As the prime minister brought together industry bigwigs to tackle food price inflation civil society leaders called for a holistic strategy to put the entire system on a more sustainable footing. Nick Hughes reports.
The prime minister has hosted a summit of food and farming industry leaders to discuss ways to alleviate the surging cost of food and drink, drive growth and innovation, and improve sustainability.
Tuesday’s ‘farm to fork’ summit took place against a backdrop of fresh calls for the government to do more to ensure long-term food security and resilience amid fears it is side stepping critical issues. Civil society leaders called on Rishi Sunak to support greater distribution of profits across the food supply chain and provide help for low-income households to afford a nutritious diet as part of a transition to a resilient, sustainable food and farming system.
Sunak pledged to hold a food summit during last summer’s Conservative Party leadership campaign. The event comes at a time when official data shows the rate of inflation for food and non-alcoholic drinks has reached its highest rate in 45 years. Although there is evidence that inflationary pressures are starting to ease across the wider economy, food price inflation remains at consistently high levels compared with a year ago and reached a peak of 19.2% in March, according to the Office for National Statistics (ONS). Announcing another hike in interest rates to 4.5% last week the governor of the Bank of England, Andrew Bailey, said that food price inflation is likely to fall back more slowly than previously expected despite a drop in the cost of wholesale food prices globally.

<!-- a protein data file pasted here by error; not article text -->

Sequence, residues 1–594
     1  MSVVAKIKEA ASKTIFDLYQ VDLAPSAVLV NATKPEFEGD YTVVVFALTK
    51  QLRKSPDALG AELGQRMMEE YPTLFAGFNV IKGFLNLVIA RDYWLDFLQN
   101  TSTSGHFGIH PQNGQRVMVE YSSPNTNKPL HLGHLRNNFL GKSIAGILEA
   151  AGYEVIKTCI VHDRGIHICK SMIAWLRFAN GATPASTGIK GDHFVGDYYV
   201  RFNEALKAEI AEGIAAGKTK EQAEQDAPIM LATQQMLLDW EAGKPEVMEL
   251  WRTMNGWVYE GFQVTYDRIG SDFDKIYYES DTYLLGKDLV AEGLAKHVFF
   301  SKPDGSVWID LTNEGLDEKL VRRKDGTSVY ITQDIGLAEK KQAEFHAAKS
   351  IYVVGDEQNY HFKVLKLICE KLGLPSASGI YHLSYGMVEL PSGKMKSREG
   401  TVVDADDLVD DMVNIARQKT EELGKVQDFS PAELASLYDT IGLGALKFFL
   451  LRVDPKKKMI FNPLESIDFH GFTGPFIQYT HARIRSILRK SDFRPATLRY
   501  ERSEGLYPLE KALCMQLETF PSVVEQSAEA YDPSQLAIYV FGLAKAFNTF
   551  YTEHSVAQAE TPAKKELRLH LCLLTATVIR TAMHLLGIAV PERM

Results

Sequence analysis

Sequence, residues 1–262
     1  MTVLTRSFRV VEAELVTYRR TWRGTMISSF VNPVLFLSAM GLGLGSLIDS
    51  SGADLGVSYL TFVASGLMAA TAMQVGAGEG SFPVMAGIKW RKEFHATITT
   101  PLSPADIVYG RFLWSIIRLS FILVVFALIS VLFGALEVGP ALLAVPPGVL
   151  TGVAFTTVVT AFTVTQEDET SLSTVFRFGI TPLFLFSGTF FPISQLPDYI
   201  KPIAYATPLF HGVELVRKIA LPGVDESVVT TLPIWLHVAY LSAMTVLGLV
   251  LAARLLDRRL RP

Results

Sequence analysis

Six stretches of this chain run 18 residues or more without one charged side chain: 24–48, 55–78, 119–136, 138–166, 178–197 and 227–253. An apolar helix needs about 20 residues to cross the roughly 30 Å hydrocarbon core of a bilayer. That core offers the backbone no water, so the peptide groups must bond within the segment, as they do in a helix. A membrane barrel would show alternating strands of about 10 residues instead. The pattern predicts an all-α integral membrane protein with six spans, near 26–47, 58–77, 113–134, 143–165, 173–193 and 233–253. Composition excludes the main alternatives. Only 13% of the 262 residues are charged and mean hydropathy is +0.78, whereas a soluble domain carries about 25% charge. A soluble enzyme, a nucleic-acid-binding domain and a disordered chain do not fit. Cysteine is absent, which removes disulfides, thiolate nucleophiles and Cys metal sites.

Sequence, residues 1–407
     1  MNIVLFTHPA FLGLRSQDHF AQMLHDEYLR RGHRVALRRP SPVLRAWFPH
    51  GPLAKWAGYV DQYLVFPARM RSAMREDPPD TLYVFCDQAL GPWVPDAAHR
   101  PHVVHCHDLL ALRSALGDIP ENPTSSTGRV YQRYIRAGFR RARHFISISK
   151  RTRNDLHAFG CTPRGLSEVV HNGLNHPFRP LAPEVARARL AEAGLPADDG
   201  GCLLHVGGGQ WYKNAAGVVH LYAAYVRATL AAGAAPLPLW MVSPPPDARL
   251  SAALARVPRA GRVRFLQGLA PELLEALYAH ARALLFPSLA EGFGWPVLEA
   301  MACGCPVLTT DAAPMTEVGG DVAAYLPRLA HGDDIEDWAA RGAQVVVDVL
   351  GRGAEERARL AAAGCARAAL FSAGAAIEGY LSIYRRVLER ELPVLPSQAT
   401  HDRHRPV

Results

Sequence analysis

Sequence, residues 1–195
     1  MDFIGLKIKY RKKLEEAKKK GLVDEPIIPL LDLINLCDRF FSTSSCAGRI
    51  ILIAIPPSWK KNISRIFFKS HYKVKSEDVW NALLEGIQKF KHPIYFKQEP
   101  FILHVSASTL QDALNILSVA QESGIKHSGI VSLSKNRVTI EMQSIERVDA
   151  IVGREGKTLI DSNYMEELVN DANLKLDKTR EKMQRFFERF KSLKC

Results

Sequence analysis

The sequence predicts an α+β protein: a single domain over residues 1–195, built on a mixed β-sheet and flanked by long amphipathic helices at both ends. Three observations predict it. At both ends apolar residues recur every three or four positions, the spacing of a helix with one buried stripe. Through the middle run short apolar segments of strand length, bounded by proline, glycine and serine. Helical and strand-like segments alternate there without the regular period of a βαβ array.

The government used the summit to announce a suite of new measures it claimed would help strengthen the long-term resilience and sustainability of the sector and provide greater stability for farmers. These included a new framework for trade negotiations to protect UK food and welfare standards; up to £30m of investment to drive forward the use of precision breeding technologies; new reviews into fairness in the horticulture and egg supply chains; and £1.6m in funding for the GREAT food and drink campaign.
UKHospitality chief executive Kate Nicholls said investment into the GREAT campaign was welcome news which, in addition to boosting exports, would help promote the UK as a tourist destination and give a boost to hospitality venues.
The prime minister has faced criticism however for excluding non-industry voices from his summit and for ignoring bigger, structural challenges facing the food system. NGOs responded by holding their own briefing on Monday, hosted by the Energy and Climate Intelligence Unit, in which civil society leaders shared their priorities for the Sunak summit agenda.
Food Foundation executive director Anna Taylor noted how the impacts of food price inflation were not being felt equally across the UK population. The latest data from the charity’s own food price tracker, which measures weekly prices of a basket of food that forms part of a “reasonably-costed, adequately-nutritious diet”, showed the price of such a basket has increased by 24-26% since April 2022. Taylor described this as “an extremely serious situation” especially for those people on low incomes who spend a higher proportion of their household budget on food.